There are some things we may not want to look at. Drawings of dismembered children. Drawings of those children being sexually abused. Monsters ruining Christmas by sucking a family’s innards out.
In 1994 those drawings and others gave Pinellas County an unhappy first – the only trial which convicted a comic book artist of ‘artistic obscenity’ in the US. Michael Diana, then a 24 year old Largo resident, was jailed for drawing comics.
Diana drew comics through middle and high school, influenced both by the underground ‘zines he discovered and the Dali Museum, which opened just when he hit his teens. He had far-flung subscribers to his dystopian releases and didn’t do much locally. His comics railed against the Catholic Church, local law enforcement, and the institutions Diana saw as hypocritical and suffocating.
Then, everything went wrong, Diana said in the fundraising video for The Trial of Mike Diana. This is a documentary by filmmaker Frank Henenlotter completed in 2018.
Somebody needed a scapegoat
The semester had just begun in Gainesville’s hot, humid August,1990 when the murders of five women terrified students and their parents. Less than a month later Danny Rolling was arrested for burglary, and eventually confessed to those murders and more.
Among Rolling’s possessions were underground comics. The atmosphere of fear had not abated with his arrest. 0ften when there is unfocused fear, a scapegoat is found.
“I first got in trouble with the law with Boiled Angel #6. A reader sent it to the Florida police, thinking that I was maybe the Gainesville student murderer, who was still at large.” said Mike Diana, in an interview at that time.
The police found him, but cleared him of anything connected to the Gainesville crimes.
Pretending to be a fan, one of those police officers wrote Diana, posing as a fellow artist (and, Diana says, repeatedly writing that he was ‘not a cop’), asking Diana to send him his comics, especially the Boiled Angel series. Diana did, and they were forwarded to the state attorney’s office. Two years later, an assistant state attorney came across the files, and decided to prosecute.
The First Amendment takes a blow
While there were pockets of hip happening around Pinellas at the time, it was still a fairly conservative place. Tampa was where you went for crazy fun. Tampa had internationally famous strip clubs, many owned by Joe Redner. And Joe Redner was protected and counseled by Luke Lirot, attorney at law. Redner and Lirot were well known in Tampa as First Amendment defenders.
When Mike Diana’s legal troubles became clear, he contacted the Comic Book Defense Fund, which put him in touch with Lirot. After their bids to have the charges dismissed because of entrapment, or getting the venue changed to Tampa failed, the trial proceeded. Due process took hit number one.
The atmosphere of the courtroom was intense, with protestors, television crews, thrill seekers and a quiet, shy cartoonist blindsided by events, holding a stack of comics, sitting still, head down, in the middle of it all.
Diana was not allowed to enter his other drawings, or the work of other underground artists, as evidence. Prosecutors told the jury he was a suspect in the Gainesville murders, even though that had been the most tenuous thread. The jury was told that his drawings could make killers out of damaged people, even if Diana wasn’t a potential murderer. His comics weren’t protected speech or anti-authoritarian, prosecutors said, they were obscene.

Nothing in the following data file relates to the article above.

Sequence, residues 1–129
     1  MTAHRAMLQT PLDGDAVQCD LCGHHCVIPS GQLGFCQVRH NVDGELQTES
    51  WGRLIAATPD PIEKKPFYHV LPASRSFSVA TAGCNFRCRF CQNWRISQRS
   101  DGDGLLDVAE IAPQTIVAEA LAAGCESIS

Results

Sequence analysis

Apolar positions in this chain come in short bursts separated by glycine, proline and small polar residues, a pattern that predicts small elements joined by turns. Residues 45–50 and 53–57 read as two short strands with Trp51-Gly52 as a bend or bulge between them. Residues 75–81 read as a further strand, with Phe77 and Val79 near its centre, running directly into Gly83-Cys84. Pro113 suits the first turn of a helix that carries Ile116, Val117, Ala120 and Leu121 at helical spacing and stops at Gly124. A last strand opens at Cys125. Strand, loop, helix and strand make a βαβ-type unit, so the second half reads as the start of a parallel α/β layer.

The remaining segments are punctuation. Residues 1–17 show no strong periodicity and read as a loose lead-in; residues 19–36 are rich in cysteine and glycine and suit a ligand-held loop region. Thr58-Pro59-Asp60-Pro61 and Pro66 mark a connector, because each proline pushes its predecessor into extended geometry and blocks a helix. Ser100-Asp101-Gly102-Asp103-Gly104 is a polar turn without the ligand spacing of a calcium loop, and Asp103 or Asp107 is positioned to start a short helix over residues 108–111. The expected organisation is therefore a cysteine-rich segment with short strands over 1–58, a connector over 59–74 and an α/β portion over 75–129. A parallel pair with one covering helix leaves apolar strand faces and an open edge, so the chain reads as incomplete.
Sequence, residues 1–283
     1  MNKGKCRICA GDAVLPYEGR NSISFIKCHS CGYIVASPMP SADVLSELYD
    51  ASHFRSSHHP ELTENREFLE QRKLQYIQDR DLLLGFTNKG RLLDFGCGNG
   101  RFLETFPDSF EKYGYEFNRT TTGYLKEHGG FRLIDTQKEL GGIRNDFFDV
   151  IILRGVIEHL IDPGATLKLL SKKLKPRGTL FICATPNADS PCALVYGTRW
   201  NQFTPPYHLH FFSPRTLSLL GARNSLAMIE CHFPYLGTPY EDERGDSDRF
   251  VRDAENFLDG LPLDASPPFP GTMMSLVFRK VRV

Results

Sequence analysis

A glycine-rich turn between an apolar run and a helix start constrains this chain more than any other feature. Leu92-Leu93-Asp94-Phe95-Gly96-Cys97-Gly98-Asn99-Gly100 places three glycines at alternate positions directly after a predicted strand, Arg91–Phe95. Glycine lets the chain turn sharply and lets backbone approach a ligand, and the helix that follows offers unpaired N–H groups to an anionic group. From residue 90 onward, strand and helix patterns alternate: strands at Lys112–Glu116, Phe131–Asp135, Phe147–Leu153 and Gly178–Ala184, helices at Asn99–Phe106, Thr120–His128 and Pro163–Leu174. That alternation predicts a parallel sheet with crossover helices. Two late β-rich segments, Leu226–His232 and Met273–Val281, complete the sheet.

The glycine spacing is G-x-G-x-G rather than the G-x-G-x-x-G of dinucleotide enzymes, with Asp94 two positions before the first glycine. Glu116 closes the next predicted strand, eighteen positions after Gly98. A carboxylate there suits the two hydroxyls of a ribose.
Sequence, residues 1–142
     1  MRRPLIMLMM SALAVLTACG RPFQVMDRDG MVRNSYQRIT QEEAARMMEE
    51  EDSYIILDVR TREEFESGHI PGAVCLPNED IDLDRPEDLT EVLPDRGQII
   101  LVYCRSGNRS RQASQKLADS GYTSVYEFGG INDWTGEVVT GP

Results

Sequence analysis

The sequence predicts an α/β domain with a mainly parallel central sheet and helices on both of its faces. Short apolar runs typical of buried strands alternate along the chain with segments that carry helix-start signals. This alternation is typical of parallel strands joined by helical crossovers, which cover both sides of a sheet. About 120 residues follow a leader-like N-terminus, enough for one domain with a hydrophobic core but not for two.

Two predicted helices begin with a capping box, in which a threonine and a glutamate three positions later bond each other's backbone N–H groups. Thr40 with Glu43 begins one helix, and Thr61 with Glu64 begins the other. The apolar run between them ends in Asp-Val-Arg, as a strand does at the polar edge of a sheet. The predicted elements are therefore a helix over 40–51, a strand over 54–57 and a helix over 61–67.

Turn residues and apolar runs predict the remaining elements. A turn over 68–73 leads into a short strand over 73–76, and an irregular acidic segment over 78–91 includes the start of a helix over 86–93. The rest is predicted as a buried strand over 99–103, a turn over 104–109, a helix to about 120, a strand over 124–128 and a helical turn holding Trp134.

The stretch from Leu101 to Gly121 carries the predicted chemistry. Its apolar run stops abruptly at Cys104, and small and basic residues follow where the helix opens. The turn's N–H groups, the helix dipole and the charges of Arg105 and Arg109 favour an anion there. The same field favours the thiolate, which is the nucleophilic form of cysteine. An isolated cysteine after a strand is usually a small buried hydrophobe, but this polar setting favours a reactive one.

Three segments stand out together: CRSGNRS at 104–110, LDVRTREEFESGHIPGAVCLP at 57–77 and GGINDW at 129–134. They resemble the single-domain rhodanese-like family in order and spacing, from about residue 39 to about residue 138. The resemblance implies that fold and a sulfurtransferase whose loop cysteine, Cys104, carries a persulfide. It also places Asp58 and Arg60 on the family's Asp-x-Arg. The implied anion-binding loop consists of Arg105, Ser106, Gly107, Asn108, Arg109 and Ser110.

The jury found him guilty in 90 minutes of 3 misdemeanor counts; publishing, distributing, and advertising obscene material.
Freedom of speech or of the press? Not in this case. But it got even more obscene.
Mike Diana could have been sentenced to jail time (he did spend the time between conviction and sentencing in jail without bond), for drawing comics. He was instead sentenced to three years probation, one for each guilty count. He was court ordered to get a psychological evaluation; take a journalism ethics class; pay a $3,000 fine; three years of community service; and ordered to stay away from anyone under the age of 18.
And most troubling of all, he was ordered to cease drawing. No drawing. Not for personal use. Not for commercial use. Police and probation officers would be allowed to randomly (without a warrant, common for people on probation) search his home to see if there were any drawings. The judge gave him a list of allowable art supplies. First amendment scholars would call that prior restraint.
Diana’s case was appealed twice to Florida’s appellate court. Due process had another body blow. According to the Comic Book Legal Defense Fund, the court rejected an amicus brief from the ACLU. In addition, the State was allowed to introduce evidence developed after the first trial, an unusual move in the appellate process.
The appellate court upheld two of the three convictions, overturning the one for advertising obscene materials. That charge was based on a line in Boiled Angel #7, telling readers to “be on the lookout for next issue #8”. The court held since the material wasn’t yet created, it couldn’t be advertising obscenity.
Lirot and Diana sent their appeal to the Supreme Court, with the help of George Rahdert, an attorney in St. Petersburg who represented the then St. Petersburg Times, and had argued in front of the Supreme Court a few times. Their case was turned down.
Mike Diana moved to New York as soon as he possibly could, and worked on
his probation requirements there. He still draws. He remains the only cartoonist convicted of “artistic obscenity” in the United States. Throughout his interactions with the justice system, due process was sidelined.